Four ambitious conservation projects in Canterbury have received $137,000 in support from the DOC Community Fund, Conservation Ministers Maggie Barry and Nicky Wagner have announced.
The projects range from wilding conifer control to protecting and promoting indigenous vegetation, the Ministers say.
“Each of the groups is playing an important role in eliminating weeds and restoring biodiversity in the Canterbury region,” Ms Barry says.
“If we are going to achieve our Predator Free vision by 2050, supporting community conservation work of this kind is absolutely vital. We need the whole country to get behind the effort and it’s excellent to see so much going on at a local level.
Minister Wagner says the projects will be a great boost to Canterbury’s conservation efforts.
“It’s exciting to see local communities and organisations take on these bold projects to protect indigenous shrublands and control weeds. Projects like these and across the country will help to encourage other local groups to start conservation efforts,” Ms Wagner says.
The four projects are:
- Waimakariri Ecological Landscape and Restoration Alliance (WELRA) - $95,758 to remove seeding source conifers from around the Craigieburn control area and outlier seeding sources to the north and south of Flock Hill station.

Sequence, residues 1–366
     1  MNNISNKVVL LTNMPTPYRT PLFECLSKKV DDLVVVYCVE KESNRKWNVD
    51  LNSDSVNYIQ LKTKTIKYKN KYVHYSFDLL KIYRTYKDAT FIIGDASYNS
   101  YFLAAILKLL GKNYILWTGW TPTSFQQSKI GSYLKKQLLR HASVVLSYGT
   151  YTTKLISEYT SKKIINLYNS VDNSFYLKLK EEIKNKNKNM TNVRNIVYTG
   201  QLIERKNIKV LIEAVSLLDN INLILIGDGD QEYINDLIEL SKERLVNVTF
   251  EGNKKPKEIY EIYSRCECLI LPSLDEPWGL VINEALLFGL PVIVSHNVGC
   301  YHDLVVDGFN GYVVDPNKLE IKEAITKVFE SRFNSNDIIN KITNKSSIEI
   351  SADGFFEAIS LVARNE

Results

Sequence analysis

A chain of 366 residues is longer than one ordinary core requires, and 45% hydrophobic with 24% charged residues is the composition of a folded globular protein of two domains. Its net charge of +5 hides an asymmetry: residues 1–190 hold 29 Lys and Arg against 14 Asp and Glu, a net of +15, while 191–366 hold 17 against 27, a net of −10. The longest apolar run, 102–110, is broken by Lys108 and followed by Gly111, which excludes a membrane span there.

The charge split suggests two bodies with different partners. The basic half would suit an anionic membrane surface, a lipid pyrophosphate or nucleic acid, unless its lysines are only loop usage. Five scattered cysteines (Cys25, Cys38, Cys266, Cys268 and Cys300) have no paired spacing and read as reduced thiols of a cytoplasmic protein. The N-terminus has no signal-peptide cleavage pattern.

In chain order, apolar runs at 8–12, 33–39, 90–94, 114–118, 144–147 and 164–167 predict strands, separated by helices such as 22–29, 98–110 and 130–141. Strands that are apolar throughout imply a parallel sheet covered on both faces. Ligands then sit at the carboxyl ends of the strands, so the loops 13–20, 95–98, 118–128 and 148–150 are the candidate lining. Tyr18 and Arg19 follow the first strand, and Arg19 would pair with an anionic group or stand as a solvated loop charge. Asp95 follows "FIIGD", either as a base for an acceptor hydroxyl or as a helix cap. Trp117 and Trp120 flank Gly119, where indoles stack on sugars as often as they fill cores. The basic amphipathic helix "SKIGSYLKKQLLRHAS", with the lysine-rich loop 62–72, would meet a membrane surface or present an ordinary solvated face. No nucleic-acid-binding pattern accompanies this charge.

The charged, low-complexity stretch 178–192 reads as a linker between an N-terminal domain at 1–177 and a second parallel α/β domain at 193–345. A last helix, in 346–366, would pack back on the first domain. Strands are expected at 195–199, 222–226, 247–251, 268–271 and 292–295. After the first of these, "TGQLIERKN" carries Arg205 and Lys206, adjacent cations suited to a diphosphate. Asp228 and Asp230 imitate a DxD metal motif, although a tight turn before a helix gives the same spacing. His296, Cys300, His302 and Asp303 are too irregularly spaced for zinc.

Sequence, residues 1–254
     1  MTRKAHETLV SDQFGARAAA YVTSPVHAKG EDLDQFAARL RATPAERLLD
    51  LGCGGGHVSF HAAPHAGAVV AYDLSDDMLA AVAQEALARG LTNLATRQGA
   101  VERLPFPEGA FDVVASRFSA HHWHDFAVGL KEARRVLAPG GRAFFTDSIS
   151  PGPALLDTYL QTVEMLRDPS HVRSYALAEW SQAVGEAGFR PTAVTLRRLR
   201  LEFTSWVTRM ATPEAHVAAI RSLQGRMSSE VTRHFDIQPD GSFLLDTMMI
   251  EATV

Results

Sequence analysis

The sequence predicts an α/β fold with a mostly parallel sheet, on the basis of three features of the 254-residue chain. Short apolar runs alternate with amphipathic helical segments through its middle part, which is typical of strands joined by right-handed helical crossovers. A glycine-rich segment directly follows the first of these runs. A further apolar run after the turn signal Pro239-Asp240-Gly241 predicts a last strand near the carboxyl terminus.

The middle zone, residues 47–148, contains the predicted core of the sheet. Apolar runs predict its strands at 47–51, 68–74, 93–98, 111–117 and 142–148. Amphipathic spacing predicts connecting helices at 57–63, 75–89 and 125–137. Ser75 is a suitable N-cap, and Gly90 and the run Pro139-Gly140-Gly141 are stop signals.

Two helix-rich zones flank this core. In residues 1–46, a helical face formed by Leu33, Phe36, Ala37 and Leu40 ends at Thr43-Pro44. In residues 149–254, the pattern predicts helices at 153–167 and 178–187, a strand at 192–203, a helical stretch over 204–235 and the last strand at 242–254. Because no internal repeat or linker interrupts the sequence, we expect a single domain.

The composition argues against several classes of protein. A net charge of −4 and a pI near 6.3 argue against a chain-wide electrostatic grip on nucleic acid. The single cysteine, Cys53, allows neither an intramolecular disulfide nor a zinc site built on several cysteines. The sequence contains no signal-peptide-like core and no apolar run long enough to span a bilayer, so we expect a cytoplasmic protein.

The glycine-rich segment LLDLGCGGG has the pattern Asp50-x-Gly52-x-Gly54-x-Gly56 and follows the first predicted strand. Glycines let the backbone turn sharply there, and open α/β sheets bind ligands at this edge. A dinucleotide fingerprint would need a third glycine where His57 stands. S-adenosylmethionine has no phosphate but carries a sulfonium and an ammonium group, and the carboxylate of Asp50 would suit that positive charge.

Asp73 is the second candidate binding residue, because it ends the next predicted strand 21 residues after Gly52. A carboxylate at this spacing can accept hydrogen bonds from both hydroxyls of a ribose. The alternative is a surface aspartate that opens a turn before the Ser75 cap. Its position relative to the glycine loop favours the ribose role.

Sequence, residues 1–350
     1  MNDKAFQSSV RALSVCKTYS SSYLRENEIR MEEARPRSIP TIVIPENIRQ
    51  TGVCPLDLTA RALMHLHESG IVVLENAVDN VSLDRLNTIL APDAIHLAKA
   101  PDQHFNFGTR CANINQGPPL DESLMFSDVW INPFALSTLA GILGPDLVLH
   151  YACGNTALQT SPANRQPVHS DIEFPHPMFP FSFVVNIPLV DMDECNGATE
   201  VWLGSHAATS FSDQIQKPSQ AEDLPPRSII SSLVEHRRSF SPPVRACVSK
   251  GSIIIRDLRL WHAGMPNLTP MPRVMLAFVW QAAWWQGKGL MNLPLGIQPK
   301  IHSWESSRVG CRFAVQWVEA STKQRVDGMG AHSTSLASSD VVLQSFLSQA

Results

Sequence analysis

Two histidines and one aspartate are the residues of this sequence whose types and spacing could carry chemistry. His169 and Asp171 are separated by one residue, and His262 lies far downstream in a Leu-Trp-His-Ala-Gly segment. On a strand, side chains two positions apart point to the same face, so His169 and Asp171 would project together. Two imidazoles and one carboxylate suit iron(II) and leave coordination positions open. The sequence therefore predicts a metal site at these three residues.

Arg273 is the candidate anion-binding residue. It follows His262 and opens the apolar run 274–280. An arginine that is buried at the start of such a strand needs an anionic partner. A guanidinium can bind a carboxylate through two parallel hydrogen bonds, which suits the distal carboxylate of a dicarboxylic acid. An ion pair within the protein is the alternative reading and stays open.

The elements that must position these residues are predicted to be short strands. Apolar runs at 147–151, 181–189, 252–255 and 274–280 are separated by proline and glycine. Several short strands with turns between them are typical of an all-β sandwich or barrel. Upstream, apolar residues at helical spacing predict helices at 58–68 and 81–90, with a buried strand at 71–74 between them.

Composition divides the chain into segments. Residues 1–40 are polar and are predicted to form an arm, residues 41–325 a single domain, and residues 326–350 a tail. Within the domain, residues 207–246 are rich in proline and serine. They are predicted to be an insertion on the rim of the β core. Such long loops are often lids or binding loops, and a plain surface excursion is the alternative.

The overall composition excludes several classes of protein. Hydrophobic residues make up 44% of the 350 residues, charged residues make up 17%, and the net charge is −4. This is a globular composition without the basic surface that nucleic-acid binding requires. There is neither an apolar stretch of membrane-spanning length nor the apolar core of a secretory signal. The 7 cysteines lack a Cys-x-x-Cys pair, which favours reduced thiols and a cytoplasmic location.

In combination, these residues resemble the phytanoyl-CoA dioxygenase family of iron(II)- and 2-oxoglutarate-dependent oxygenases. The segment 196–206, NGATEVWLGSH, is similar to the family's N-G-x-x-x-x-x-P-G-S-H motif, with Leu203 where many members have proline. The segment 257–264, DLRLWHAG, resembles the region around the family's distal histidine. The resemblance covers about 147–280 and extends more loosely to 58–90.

- The Ohau Conservation Trust - $28,565 to remove cotoneaster within the project area to protect indigenous shrublands and promote indigenous regeneration.
- Mt Somers Walkway Society - $4,000 to keep the area free of these weeds, while the task is still achievable to retain the open Grass-lands.
- The Ohau Conservation Trust - $8,677 for the removal of Russell lupin and other woody weeds, such as crack willow along the lower western and southern lakeshore of Lake Ohau.
In total, the DOC Community Fund will distribute more than $4 million in 2016-17 to organisations ranging from small community groups working across a single site to national partnerships.